In the 1960s one could observe a decrease in the economic role of the USA in the World System which led to the emergence of a three-center model of economic leadership: the USA – Western Europe – Japan. However, it is important to note that this system was formed under the political and military (recognized and desired) leadership of the USA. This structure turned out to be rather viable for almost four decades. It works even now; yet, if it turns out to be impossible to restore the economic dynamics of the Western economies, its role will weaken (whereas since the early 1970s one can observe a general trend toward the decline of the economic growth rates in all the three centers). Unfortunately, today those centers are not able to give much to each other as they have rather similar problems. The opportunity to strengthen themselves is connected to unifying their forces in order to preserve certain advantages inherent to developed countries (and that are also useful for the World System as a whole, see below). In a way this process would be similar to the one just after World War II through which the West strengthened itself against the backdrop of the expansion of the Communist Block and the simultaneous disintegration of its colonial empires, by uniting militarily, politically, and ideologically (and partly economically).
One cannot exclude the possibility, of course, that the emergence of new revolutionary technologies could give new life to the economic development of the USA (as happened in the late 1980s and 1990s), and the West as a whole; however, first, such technologies do not seem to be likely to be developed in the forthcoming decade, and in this period the problems in the American economy will be aggravated; second, in order for such new technologies to produce major results would take a rather long period (at least 15–20 years) and over that time many things are bound to change; third, even such new technologies would be unlikely to help preserve military and political leadership.
Thus, it is evident that a place similar to the one held by the present-day USA cannot be occupied in future, neither by another state nor by an alliance of states. In the foreseeable future, there will be no country (nor even, an alliance of countries) that will be able to concentrate several aspects of the World System leadership.
It is often proposed that China will replace the USA as the new World System Leader. But this function is not likely to be performed by China even if China eventually surpasses the USA with respect to its GDP volume. Those who suggest China as such a leader do not appear to take into consideration that its economy is not adequately innovative, that it does not develop on the basis of technologies of tomorrow (and, to some extent, even of today).2 In addition, it is too much export-oriented. In this respect it is not sufficiently autonomous. There are no entirely autonomous economies in the world now, but there are some that are more self-sufficient than the Chinese one.3 What is more, its dynamics, power, and successes appear to be based on its ties with richer economies, they depend on their fluctuations to a considerable degree.4 We believe that the economic center of the World System cannot be based on the exporting of non-innovative (and even not sufficiently highly technological) products. Besides, the Chinese model is very resource-intensive which makes it dependent on the opportunities of extending the world raw materials production and their prices. And at the same time this makes the world extractive industry extremely dependent on the Chinese economy's growth (Gel'bras 2007: 29–30). And what is more important, the economical growth in China is based to a great extent on the faulty technology (Ibid.: 30).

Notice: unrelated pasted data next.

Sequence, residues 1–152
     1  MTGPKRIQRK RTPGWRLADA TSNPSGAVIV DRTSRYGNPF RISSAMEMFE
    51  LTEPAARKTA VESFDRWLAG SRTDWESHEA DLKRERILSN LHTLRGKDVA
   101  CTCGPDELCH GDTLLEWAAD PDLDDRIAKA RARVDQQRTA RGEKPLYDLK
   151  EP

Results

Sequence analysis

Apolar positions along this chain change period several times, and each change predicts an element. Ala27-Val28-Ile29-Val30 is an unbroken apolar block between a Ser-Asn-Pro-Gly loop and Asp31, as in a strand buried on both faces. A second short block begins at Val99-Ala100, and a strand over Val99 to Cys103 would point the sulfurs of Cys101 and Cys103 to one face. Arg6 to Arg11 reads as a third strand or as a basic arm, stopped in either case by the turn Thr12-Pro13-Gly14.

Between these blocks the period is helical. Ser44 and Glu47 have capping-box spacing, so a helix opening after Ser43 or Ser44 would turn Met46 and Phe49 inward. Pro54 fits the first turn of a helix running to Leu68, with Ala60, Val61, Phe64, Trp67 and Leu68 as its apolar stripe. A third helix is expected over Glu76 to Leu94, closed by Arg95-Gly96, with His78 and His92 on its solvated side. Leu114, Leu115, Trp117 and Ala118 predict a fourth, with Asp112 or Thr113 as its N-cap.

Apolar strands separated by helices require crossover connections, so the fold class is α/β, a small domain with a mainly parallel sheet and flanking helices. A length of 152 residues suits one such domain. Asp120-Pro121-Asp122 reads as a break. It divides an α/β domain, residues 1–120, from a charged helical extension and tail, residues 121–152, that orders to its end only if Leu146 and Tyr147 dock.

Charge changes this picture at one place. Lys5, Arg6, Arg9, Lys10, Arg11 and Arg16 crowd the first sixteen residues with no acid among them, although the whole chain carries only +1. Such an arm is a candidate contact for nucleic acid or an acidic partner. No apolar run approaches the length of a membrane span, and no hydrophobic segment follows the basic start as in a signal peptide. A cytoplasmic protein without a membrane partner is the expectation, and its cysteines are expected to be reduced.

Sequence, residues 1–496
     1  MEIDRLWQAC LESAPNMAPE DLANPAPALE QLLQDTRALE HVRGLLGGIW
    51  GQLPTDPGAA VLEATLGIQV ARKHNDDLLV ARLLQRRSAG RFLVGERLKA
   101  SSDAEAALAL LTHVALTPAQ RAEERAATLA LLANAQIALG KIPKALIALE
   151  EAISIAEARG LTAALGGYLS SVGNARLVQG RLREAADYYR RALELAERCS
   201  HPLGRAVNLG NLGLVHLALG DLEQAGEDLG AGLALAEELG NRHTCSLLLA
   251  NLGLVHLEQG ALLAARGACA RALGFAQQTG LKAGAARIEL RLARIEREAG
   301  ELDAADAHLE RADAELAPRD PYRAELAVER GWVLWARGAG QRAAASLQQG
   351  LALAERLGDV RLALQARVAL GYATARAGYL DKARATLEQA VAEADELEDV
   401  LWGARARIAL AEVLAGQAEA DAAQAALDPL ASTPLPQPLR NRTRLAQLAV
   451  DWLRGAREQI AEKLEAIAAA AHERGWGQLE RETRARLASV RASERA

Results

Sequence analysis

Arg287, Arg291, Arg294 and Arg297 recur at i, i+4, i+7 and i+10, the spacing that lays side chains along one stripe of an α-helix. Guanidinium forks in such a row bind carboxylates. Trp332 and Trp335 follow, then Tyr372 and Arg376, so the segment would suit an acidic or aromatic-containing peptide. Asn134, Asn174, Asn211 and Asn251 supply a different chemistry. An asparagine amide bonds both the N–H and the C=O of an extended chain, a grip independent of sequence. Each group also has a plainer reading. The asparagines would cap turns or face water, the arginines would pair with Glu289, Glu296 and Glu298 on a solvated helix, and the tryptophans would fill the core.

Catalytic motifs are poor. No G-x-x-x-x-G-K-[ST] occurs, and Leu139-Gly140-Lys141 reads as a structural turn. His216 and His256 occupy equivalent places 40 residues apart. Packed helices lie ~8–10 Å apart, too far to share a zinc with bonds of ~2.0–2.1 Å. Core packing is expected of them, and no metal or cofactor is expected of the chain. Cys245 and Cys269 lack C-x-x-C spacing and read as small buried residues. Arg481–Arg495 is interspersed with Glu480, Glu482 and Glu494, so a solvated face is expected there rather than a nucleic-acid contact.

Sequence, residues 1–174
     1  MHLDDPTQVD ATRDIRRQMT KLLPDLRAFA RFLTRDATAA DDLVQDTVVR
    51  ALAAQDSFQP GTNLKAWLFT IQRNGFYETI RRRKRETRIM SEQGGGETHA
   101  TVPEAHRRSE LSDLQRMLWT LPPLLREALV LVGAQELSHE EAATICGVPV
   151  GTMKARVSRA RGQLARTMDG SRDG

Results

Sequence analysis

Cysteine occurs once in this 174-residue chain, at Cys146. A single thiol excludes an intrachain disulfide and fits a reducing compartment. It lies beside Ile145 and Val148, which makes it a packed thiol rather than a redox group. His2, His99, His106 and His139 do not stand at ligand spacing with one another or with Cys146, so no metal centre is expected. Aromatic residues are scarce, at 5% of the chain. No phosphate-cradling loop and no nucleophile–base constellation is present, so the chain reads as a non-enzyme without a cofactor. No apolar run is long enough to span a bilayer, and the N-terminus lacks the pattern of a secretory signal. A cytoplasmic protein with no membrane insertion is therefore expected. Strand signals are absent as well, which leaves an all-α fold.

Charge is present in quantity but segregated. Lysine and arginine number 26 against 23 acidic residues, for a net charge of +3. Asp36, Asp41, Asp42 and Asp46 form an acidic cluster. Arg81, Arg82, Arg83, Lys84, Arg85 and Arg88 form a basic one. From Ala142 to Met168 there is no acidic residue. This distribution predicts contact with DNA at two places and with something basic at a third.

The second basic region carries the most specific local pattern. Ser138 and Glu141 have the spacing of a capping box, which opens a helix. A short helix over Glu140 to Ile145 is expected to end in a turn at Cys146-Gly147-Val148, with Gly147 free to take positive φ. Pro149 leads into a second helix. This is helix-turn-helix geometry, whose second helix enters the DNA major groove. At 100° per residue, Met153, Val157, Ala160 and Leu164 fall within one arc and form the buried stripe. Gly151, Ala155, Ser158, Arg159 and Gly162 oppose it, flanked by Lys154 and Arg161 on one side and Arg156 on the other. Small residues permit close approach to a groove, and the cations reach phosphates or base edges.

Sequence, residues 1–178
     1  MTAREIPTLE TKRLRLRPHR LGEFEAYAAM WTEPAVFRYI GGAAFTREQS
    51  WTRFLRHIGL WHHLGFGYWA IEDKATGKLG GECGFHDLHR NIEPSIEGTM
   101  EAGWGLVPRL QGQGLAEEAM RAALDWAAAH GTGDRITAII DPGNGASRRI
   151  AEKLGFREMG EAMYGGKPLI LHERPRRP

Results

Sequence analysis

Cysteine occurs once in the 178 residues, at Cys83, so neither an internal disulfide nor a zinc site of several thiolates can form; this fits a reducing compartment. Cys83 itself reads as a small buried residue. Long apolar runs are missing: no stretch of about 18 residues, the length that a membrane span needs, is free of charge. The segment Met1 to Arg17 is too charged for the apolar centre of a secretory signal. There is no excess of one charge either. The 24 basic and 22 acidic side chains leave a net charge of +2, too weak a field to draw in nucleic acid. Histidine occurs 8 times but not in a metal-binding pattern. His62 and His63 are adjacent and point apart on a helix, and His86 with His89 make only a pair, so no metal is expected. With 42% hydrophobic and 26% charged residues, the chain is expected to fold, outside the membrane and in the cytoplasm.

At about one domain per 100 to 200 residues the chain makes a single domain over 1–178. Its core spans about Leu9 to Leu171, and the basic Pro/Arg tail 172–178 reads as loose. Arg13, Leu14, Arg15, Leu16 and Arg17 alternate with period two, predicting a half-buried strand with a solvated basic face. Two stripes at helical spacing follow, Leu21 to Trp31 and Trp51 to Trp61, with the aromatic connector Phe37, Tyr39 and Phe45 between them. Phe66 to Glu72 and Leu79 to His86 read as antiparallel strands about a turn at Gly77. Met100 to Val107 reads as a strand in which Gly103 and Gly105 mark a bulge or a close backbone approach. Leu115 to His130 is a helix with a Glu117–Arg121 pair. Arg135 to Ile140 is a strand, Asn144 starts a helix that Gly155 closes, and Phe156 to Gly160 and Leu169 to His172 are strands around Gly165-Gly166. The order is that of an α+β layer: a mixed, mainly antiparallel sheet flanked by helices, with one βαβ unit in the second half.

In order to perform the World System centre role, the Chinese economy should become, on the one hand, innovative and highly technological (which is hardly compatible with heavy industry, or conveyor industries), and ecologically advanced – on the other hand. However, China does not possess necessary conditions for this. One would need no less than 20–25 years to become an innovation pioneer. We believe that it is India that is more likely to become a technological leader, but India does not have many other leadership components that China has.5 That is why the idea that in 15–20 years many countries will be more attracted by ‘China's alternative development model’ rather than by the Western models of political and economic development (National Intelligence Council 2008: iv), provokes serious doubts. The Western models may be criticized, whereas it is quite natural that China's successes could hardly avoid bringing attention. But it is very unlikely that any country (with a possible exception of North Korea) will try to introduce the Chinese model.6 The point is that this model simply cannot be introduced. In order to do this one would need a totalitarian communist party. Even the USSR was unable to copy the Chinese model. Not to mention that Chinese polluting model of economy can hardly suit any country.